Post # 16
cucumberroll : Yes it is in a rural area and does qualify.
stuckinwonderland : we were hoping to have 3 months mortgage in savings before applying for this loan just in case of an emergency.
Gsxr06 : Thank you for the link lots of helpful information. We would be buying in Kansas. Maybe Missouri but most of the stuff near stateline probably would not qualify because it’s cities.
SithLady : Exactly what we want to do. Plus the price point we are looking at we could easily over pay our mortgage every month (or most months) to build more equity faster. But we would probably be there at least 10 years anyhow.
RedHeadKel : Exactly! Our mortgage including taxes and insurance would still be LESS than rent in this area. According to one calculator we’d save like 16K in a year by buying. (Because we’d be gaining equity)
Misswhowedding : Basically we’d like to have what we would use for a downpayment in savings for just such an emergency. So that way we have the liquid cash for repairs or heaven forbid a jobloss medical emergency. Also with what I do (and my family does) we could buy a home with cosmetic issues and update it at very minimal cost to us. Because my dad owned his own construction company for 20 years he knows the ins and outs of home repair/updated. But now he’s a pilot so he he works for long streches then has several days off in a row. So we could do projects bit by bit. My job is selling carpet, tile, wood, etc so I can get materials at what it costs wholesale, which is great. So I would like to use our “down payment” on updates while saving emergency cushion for at least 3-4 months.
Post # 17
- Wedding: May 2019 - York, ME
I just purchased a house through USDA loan in June, and I’m so happy I did! I think in all, I spent less than $1000 up front to buy the house, which included the inspection and a structrual engineer’s assessment. The seller paid for all closing costs. The only thing with USDA is that you can’t remove the PMI once you have 20% equity like you can with an FHA. You pay about .5% a year in PMI insurance, and a larger percentage at closing/rolled into the loan. Our purchase price was $157,000, total loan amount came to $161,000, and we pay $933/mo in mortgage, taxes, and insurance, and my interest rate was 3.5%. Let me know if you have any questions! I did so much research, it’d be nice to help someone else out! 🙂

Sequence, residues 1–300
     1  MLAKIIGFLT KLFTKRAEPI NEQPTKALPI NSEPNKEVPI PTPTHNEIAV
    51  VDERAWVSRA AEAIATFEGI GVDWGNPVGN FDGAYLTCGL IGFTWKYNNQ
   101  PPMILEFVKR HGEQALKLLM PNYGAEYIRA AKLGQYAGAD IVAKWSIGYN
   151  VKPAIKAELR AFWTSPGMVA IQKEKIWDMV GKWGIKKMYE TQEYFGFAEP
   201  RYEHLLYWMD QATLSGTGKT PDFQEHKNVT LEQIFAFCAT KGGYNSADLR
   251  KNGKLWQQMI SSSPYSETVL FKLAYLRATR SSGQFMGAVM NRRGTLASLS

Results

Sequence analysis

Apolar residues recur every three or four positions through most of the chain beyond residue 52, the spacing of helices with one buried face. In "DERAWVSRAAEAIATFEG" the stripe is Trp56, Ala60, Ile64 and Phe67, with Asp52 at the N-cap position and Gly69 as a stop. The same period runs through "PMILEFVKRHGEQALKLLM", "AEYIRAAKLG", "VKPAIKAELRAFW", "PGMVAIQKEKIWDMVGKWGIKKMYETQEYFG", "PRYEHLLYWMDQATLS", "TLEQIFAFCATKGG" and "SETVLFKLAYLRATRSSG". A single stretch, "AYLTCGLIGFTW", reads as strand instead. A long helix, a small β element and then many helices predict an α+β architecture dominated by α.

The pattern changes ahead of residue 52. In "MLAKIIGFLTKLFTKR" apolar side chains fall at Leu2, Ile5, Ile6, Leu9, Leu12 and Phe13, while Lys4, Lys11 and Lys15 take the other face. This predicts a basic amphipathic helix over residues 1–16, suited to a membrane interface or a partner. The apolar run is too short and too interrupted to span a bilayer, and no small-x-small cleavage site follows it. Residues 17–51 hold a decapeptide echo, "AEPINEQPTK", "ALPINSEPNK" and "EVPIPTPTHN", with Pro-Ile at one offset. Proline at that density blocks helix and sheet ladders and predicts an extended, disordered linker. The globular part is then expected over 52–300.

Post # 18
RedHeadKel : If you had no equity, and a hardship that didn’t allow you to make your payment, selling your property to avoid foreclosure or short sale would be impossible. If you have equity and a hardship, you are in a better position to sell prior to foreclosure without needing a short sale. You are on the hook for the full amount of your mortgage when you sell, no mater if you can make the full mortgage back from a sale.
Post # 19
co_katherine : FHA no longer allows removal of PMI at 80%. FHA requires life of loan MI or 11 years depending on your equity at purchase/refinance. Just FYI. Only loans through Fannie and Freddie allow early removal of MI.
Post # 20
We bought our home 4 years ago with a USDA loan. 0% down, our total monthly mortgage with insurance/taxes built in is less than $1,000. It is well within our means to pay for now and we have money in savings for emergencies.
We did have to provide a $1,000 escrow deposit which we got back after closing. I have no idea if that’s typical or universal, but just thought I would mention it!
The process was really easy; we pre qualified, any home in our area of interest qualified for the loan so we didn’t have to pick through what would/wouldn’t qualify. If we had to do it again I would do it the same way!
Post # 21
co_katherine : I know your post was several yrs ago but my husband and I are about to pull the trigger on a USDA loan. It’s the best decision for us. I have been trying to estimate what our payment would be for a home we are buying for $152,000. I think it would be close to yours.